Nor the woman in the ambulance
Whose red heart blooms through her coat so astoundingly——

A gift, a love gift
Utterly unasked for
By a sky

Palely and flamily
Igniting its carbon monoxides, by eyes
Dulled to a halt under bowlers.

O my God, what am I
That these late mouths should cry open
In a forest of frost, in a dawn of cornflowers.

Sylvia Plath

(Source: lit.genius.com)

Tell the Bees

Tell the bees. They require news of the house;
they must know, lest they sicken
from the gap between their ignorance and our grief.
Speak in a whisper. Tie a black swatch
to a stick and attach the stick to their hive.
From the fortress of casseroles and desserts
built in the kitchen these past few weeks
as though hunger were the enemy, remove
a slice of cake and lay it where they can
slowly draw it in, making a mournful sound.

And tell the fly that has knocked on the window all day.
Tell the redbird that rammed the glass from outside
and stands too dazed to go. Tell the grass,
though it’s already guessed, and the ground clenched in furrows;
tell the water you spill on the ground,
then all the water will know.
And the last shrunken pearl of snow in its hiding place.

Tell the blighted elms, and the young oaks we plant instead.
The water bug, while it scribbles
a hundred lines that dissolve behind it.
The lichen, while it etches deeper
its single rune. The boulders, letting their fissures widen,
the pebbles, which have no more to lose,
the hills—they will be slightly smaller, as always,

when the bees fly out tomorrow to look for sweetness
and find their way
because nothing else has changed.

Sarah Lindsay

Stephanie Brown, Moleskine IV

Stephanie Brown, Moleskine IV


We had not quite been arguing
that night—but talking, discussing
how I answer any mood of yours
that falls below cheery contentment
with a litany of solutions,
as if trying to help you find
the right word for a crossword puzzle.
Sometimes the heart wants to be sad
and say so and be heard, you said,
or seemed to be saying,
as we followed our dogs out the door
into the yard, the carport light
startling awake at our presence
and then nodding off again.
You’ll remember that it was late,
our neighbors hours into sleep,
so we spoke softly even as we began
to really argue, this time
about who locked the door
on our way out. You’ll remember
that we gave up our prosecutions
when we realized one of us
had to hold the brittle ladder
while the other climbed to the window
we thought might be unlocked.
Part cat burglar, part narcissistic voyeur,
I paused after unfolding myself
into the room, observing
what we were when we weren’t there.
The television, mid-conversation,
prattling on without us; my beer still cold,
unmoved. You’ll remember
how the tails behind you wagged,
how happy we were to have back
what we had. I remember
I felt so heroic giving that to you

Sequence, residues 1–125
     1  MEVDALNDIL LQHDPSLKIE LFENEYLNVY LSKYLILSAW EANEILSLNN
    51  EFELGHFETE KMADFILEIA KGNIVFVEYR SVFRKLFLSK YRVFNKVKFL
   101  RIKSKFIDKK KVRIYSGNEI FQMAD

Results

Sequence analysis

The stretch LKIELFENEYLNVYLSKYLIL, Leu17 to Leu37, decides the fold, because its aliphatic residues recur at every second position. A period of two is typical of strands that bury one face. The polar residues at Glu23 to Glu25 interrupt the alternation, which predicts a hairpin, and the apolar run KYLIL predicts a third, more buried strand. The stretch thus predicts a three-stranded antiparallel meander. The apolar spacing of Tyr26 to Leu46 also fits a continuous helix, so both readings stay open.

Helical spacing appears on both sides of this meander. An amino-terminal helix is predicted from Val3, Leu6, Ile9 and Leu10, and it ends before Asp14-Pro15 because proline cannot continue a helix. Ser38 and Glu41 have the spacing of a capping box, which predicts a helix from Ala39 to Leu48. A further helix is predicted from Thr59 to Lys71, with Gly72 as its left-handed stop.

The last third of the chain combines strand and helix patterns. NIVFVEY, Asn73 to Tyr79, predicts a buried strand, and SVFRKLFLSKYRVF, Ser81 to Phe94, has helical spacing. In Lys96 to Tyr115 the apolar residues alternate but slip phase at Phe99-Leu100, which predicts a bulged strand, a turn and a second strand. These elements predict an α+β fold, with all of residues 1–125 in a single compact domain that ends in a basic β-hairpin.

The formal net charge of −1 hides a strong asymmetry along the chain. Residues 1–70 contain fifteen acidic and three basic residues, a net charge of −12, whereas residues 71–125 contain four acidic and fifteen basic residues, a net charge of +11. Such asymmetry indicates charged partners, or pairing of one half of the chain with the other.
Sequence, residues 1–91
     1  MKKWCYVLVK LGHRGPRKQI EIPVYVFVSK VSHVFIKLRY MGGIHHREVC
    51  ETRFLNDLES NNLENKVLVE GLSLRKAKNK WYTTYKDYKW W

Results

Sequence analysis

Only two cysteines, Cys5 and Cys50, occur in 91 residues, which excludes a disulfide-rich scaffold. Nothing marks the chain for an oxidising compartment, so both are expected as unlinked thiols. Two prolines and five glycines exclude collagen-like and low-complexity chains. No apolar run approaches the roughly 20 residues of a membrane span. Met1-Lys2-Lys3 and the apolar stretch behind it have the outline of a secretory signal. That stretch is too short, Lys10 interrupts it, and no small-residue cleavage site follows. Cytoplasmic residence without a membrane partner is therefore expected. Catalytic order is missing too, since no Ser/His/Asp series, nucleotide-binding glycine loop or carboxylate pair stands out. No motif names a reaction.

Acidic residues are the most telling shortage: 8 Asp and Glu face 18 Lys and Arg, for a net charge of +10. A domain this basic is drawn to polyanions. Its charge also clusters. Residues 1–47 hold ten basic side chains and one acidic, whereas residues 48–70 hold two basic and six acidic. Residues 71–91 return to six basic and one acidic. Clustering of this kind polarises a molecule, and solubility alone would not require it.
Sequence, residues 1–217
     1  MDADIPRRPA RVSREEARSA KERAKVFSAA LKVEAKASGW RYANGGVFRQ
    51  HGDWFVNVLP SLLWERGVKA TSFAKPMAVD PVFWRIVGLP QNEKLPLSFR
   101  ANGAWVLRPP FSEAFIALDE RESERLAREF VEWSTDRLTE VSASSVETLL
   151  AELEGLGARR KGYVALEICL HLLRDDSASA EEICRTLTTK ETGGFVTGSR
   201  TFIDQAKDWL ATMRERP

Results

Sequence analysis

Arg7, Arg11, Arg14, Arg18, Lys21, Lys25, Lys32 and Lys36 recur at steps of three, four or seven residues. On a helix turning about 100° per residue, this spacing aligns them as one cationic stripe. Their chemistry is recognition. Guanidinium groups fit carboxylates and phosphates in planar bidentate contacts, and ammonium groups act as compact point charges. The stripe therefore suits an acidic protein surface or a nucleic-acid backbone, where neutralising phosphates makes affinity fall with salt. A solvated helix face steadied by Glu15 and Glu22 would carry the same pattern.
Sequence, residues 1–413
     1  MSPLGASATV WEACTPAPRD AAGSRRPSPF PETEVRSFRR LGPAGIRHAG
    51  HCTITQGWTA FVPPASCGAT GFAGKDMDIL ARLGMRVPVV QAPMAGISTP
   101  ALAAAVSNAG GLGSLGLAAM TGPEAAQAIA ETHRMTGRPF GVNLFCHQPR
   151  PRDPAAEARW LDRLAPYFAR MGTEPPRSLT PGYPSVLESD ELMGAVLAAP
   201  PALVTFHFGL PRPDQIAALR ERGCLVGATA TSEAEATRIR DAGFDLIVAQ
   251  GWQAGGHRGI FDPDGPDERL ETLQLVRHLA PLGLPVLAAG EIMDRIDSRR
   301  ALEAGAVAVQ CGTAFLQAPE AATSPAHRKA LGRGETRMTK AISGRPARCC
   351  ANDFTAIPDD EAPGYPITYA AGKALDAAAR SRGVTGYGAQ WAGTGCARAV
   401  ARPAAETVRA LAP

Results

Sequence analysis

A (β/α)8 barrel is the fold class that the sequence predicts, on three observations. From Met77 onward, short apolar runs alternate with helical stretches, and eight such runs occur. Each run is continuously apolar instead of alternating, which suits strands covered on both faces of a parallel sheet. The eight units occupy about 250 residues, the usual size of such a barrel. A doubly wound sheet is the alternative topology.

by just opening the door, which
I can tell you now, I’m certain I shut.

James Davis May

(Source: rattle.com)


A yoke of honey in a glass of cooling milk.
Bats playful like butterflies on power lines.
In all your stories blood hangs like braids

of drying onions. Our village is so small,
it doesn’t have its own graveyard. Our souls,
are sapped in sour water of the bogs.

Men die in wars, their bodies their graves.
And women burn in fire. When midsummer
brings thunderstorms, we cannot sleep

because our house is a wooden sieve,
and crescent lightning cut off our hair.
The bogs ablaze, we sit all night in fear.

I always thought that your old trophy Singer
would hurry us away on its arched back.
I thought we’d hold on to its mane of threads

from loosened spools along Arabic spine,
same threads that were sown into my skirts,
my underthings, first bras. What smell

came from those threads you had so long,
sown in, pulled out, sown back into the clothes
that held together men who’d fall apart

undressed. Same threads between my legs!
I lash them, and the Singer gallops!

And sky hangs only the lightning’s thread.
Like in that poem: on Berlin’s Jaegerstrasse
Arian whores are wearing shirts ripped off
sliced chests of our girls. My Singer-Horsey,

why everything has to be like that poem?

Valzhyna Mort

So good to see posts from exceptindreams!

(Source: poets.org)


A translator who has a phobia of moths
spent three years translating a book with a moth motif.
It’s ironic, she has said, that she knew more about the moths
than the author of the original, who was merely fascinated.
The translation contained a greater variety of moths than the original,
drawn from suggestions she had made, some of which were in fact
too perfect and changed back before it went to print.

Her moths, the ones that were too aptly named,
meant too much, her moths that she hated, where are they now?
The same place as all the versions of people
that have been undressed and slept with, in lieu of the people
themselves, by others. That must include a version
of almost everyone, lots of versions of some people,
some only a flutter, animated then decided against.

Caleb Klaces

(Source: poems.com)

Dear Happenstance

Last night I dreamed you
lost as an old shoe lying,
strings untied, on the macadam.

I’m speeding down the road,
and you are everywhere I look:
brushy bluestem, thick with abandon.

Dented mailbox, gravel drive,
fake flowers nailed
to the tree trunk at the curve.

A flock of small birds
darkens with synchronized turning.
Silvers, veering back again.

Susan Meyers

(Source: linebreak.org)


Let us not repeat the easy lies about eternity and love.
We have fallen out of love before –
Like children surpassing the borders of their beds,
Woken by gravity, the suddenness of tiles.

So it is we have opened our eyes in the dark,
Found ourselves far from all that was safe and soft.
So it is we have nursed red bruises.

If we are amazed at anything let it be this:
Not that we have fallen from love,
But that we were always resurrected into it,
Like children who climb sweetly back into bed.

 Kei Miller

(Source: sablelitmag.org)